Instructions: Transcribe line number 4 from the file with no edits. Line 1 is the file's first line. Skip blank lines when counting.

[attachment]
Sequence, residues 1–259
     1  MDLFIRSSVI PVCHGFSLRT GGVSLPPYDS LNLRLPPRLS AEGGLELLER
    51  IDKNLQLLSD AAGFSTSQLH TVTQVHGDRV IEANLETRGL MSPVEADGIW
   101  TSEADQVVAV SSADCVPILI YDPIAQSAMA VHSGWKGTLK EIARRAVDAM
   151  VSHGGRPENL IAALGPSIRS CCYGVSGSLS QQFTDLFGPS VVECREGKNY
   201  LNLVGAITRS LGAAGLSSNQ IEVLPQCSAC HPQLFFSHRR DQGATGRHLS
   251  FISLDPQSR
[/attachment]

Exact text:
   101  TSEADQVVAV SSADCVPILI YDPIAQSAMA VHSGWKGTLK EIARRAVDAM